When it comes to clearing the ocean of explosives, the British Royal Navy is turning to robots. Announced April 12, the Ministry of Defense is awarding £32 million (about $42 million) to Dorset-based company Atlas Elektronik to give the fleet an "autonomous mine-hunting capability." Employing robots to hunt and clear the sea of naval mines should make waterways useful for military missions and safe for commercial and civilian use afterwards. "The threat posed by sea mines is constantly evolving," said Simon Bollom, CEO of the UK's Defence Equipment and Support Board, in a statement. To meet this changing threat, the Royal Navy is acquiring a total of nine robotic vehicles, equipped with synthetic aperture sonar and advanced software.

Digital Prometheus: Artist Refik Anadol imbues artificial intelligence with creativity


Since graduating in 2014 with a master of fine arts from UCLA's design media arts program, artist Refik Anadol has become a worldwide sensation known for exhibitions that harness state-of-the-art artificial intelligence and machine learning algorithms to create mind-blowing multisensory experiences. His body of work though, is much more than simply mesmerizing feasts for the eyes and ears; it addresses the challenges and possibilities that our ubiquitous computing has imposed on humanity. On April 19, Anadol's latest piece, "Moment of Reflection" will debut on campus, where he also serves as a lecturer in the UCLA Department of Design Media Arts. It was in that department, he learned from innovative professors like Christian Moeller, Casey Reas, Jennifer Steinkamp and Victoria Vesna, all of whom use digital technology to help reshape conceptions of art. "Using data is a scientific approach to something very soulful and spiritual," Anadol said.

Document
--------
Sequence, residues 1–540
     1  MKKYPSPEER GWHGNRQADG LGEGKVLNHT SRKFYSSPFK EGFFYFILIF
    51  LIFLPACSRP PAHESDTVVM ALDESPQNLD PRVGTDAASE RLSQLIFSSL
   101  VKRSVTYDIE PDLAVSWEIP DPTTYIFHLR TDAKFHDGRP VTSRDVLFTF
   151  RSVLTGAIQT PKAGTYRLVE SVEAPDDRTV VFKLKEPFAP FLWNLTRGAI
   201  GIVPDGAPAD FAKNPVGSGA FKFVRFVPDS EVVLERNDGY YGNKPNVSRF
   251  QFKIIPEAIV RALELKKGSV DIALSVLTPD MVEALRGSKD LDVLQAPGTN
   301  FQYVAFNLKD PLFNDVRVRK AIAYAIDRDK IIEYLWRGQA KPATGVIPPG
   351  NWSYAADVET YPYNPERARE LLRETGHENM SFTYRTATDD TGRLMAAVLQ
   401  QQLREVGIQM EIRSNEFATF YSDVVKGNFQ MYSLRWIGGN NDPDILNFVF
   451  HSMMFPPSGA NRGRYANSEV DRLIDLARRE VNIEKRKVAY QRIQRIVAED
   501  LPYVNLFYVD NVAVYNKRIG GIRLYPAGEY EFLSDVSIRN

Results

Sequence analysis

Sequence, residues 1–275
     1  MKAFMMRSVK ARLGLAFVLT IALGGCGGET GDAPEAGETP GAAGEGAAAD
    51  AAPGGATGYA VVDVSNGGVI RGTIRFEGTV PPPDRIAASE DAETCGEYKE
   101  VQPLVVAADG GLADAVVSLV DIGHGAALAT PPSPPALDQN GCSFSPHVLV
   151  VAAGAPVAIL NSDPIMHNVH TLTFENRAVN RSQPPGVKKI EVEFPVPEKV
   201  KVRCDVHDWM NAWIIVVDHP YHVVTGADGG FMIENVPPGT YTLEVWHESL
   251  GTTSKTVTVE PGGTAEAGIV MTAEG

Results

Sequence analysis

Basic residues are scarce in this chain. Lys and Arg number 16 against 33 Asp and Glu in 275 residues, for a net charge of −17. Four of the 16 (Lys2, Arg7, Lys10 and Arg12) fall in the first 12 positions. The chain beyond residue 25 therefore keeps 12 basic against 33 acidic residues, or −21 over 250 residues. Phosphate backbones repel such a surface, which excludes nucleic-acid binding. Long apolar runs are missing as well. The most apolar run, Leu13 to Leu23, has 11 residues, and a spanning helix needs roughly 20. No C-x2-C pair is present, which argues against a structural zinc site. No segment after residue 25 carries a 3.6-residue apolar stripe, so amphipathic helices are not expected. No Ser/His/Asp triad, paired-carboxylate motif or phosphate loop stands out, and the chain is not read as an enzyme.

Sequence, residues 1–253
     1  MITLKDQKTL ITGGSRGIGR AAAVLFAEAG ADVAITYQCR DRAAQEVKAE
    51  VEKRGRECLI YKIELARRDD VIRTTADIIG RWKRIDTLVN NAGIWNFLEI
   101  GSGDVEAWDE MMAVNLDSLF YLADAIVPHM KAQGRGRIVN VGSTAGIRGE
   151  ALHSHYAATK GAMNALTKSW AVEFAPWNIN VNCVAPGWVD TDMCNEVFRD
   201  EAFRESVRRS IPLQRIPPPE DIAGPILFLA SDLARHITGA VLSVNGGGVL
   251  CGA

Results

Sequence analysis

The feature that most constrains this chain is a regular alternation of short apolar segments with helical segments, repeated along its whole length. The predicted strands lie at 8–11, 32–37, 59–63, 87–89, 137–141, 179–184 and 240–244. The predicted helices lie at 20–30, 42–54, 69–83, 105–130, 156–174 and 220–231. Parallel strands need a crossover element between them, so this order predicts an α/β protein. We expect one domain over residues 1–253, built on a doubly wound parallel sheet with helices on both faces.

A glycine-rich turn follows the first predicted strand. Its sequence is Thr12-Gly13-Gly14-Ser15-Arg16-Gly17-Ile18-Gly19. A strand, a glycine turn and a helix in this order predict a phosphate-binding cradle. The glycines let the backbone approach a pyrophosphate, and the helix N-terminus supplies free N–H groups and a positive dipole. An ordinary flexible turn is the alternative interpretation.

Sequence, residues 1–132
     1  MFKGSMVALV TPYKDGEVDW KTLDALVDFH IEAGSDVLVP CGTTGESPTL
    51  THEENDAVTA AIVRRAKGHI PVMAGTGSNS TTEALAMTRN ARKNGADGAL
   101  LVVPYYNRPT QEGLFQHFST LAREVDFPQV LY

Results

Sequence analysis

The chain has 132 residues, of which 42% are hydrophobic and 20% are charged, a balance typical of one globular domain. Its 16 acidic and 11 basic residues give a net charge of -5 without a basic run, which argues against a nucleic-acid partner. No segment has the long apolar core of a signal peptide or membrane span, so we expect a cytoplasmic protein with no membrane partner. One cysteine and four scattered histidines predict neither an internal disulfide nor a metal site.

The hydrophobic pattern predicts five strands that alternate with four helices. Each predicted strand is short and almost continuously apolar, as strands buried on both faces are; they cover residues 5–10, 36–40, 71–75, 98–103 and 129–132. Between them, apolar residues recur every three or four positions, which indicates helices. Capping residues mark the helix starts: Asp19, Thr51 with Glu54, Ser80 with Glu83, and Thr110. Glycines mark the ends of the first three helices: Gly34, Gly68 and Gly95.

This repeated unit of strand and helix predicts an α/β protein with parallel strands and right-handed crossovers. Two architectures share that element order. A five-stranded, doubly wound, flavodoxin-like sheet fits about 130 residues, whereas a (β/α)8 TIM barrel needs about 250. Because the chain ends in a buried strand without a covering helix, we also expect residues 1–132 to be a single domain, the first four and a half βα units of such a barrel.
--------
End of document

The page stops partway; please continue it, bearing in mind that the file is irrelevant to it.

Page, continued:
Intel thinks its AI knows what students think and feel in class